Sometimes, science means a lot of effort and sacrifice — walking days and weeks through inhospitable terrain, documenting what you see and then continuing the research in the lab. Other times, it means analyzing many years of statistical data to draw a conclusion. But sometimes, it means buying 1,000 euro worth of whiskey. From your own money.
“We had to use our own money,” says study co-author Uwe Bunz of Heidelberg University. “You can’t just use state funds, otherwise I think our higher-up administration would be fairly unhappy.”
In a study published in the Journal Chem, he describes how he put the new collection to good use, developing a technique to identify not only its age, blend, taste, and origin — but also spotting a counterfeit. In the US alone, whiskey sales yielded revenues of over $3.1 billion in 2015, so there’s a significant market for applying this method. To make it even more interesting, Bunz says the same method could be applied for wines, juices, and even drugs.
He and his colleagues developed several water-soluble fluorescent dyes. Typically, the dyes would glow a green or blue-green hue under blacklight. But if a bit of whiskey is added, the dye either glows stronger or gets dimmer. By mixing whiskey samples with several dyes in several vials, a pattern of brightness and dimmness starts to emerge, and this is the “fingerprint” of the drink. But it’s much better than a fingerprint.
“From fingerprints, you cannot normally deduce what ethnic background you are, or what your height is, or how old you are,” notes Bunz.
When you start to plot the results on a graph, you start to see patterns forming. Whiskeys of a specific age start to form a group, as do whiskeys of a specific blend status (i.e. single malt). The more whiskeys you put into the graph, the better the system gets because more patterns form.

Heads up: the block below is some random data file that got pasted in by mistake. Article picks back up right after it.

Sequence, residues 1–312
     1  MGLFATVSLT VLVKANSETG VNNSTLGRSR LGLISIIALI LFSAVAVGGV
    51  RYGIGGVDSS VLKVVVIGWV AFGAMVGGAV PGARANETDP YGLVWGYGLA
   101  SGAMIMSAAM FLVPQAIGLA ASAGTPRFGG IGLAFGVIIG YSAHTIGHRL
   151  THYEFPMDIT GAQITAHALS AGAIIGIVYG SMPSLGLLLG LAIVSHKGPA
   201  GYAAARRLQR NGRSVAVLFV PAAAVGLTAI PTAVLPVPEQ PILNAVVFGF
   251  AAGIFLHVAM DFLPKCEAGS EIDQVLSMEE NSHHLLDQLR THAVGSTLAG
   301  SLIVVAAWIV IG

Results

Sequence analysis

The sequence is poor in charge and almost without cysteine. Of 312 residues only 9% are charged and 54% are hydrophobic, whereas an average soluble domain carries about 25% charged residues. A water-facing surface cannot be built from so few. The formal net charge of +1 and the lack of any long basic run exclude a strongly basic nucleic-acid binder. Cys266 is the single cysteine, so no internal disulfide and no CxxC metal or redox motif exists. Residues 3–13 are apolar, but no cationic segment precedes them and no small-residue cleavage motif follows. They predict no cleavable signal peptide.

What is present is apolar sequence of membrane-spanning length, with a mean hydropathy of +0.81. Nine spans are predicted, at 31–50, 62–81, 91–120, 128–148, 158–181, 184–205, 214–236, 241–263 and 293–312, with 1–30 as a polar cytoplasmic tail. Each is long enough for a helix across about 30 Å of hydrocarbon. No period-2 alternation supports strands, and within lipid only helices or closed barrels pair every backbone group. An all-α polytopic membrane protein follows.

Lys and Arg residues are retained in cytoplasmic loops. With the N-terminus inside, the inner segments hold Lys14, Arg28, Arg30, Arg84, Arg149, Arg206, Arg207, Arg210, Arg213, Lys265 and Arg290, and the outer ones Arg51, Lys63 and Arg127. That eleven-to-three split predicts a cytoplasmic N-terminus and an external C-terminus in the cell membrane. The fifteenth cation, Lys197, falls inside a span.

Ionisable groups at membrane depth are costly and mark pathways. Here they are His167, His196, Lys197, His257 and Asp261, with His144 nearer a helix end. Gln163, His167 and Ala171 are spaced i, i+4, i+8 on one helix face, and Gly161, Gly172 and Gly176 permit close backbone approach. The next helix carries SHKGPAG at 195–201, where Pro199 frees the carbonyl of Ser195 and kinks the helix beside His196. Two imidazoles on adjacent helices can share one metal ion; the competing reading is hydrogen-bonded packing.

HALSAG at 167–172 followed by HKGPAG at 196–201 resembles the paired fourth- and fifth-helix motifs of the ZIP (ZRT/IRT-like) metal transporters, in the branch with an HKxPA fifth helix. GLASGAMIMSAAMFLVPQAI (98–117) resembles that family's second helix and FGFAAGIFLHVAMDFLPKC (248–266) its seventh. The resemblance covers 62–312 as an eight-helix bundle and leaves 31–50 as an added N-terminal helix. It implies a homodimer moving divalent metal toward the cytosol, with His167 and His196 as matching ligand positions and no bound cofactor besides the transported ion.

All in all, they analyzed 33 whiskeys of American, Scottish, or Irish origin. The test itself is quite efficient: for starters, it only requires a very small quantity of liquid. Researchers ran each sample six times, and this “cost” only one milliliter of whiskey. A total of 32 samples can be analyzed concurrently, after 15 minutes of interacting with the dyes.
Of course, the technique isn’t perfect. Researchers report an accuracy of 99%, which means you still have a 1% error. Bunz argues that this is because many characteristics still cluster together because not enough different samples have been added into the system. Also, a “master whiskey library” would have to be developed in a lab, to be made available worldwide.
But scientists say this is a much more efficient method than those currently used for analyzing whiskeys (gas or liquid chromatography, mass spectrometry). The fluorescent dye method is much more accurate, being able to differentiate between several groups and ages of whiskeys, whereas with chromatography, “their discrimination is much more coarse and you cannot resolve the different groups.” The other method is also more expensive and takes a longer time to get going. Bunz estimates that a sampling machine would cost about 10,000 euros to build, and the consumable plates and dyes only cost a few cents. The dyes would take about a month to synthesize, but from a batch, you could make around 200,000 samples.
It’s an interesting study which will definitely have many industry executives lifting their eyebrows, but at this moment, it’s not clear whether industries will actually try to implement it. Bunz says that he hasn’t heard from anyone working with alcoholic drinks, but German juice manufacturer Sonnländer has already expressed some interest. The team will soon start joint experiments.
In the meantime, one problem still remains: Bunz still has 33 different whiskeys at home, from which he only took 1 milliliter. But he says his friends don’t mind.
“I basically have 30 different whiskeys at home,” says Bunz. “But I’m not a whiskey drinker. I’m a red wine drinker, so some of my guests are highly delighted when they see my collection.”
Journal Reference: Jinsong Han, Chao Ma, Benhua Wang, Markus Bender, Maximilian Bojanowski, Marcel Hergert, Kai Seehafer, Andreas Herrmann’Correspondence information about the author Andreas HerrmannEmail the author Andreas Herrmann, Uwe H.F. Bunz, Uwe H.F. Bunz — A Hypothesis-Free Sensor Array Discriminates Whiskies for Brand, Age, and Taste. DOI: http://dx.doi.org/10.1016/j.chempr.2017.04.008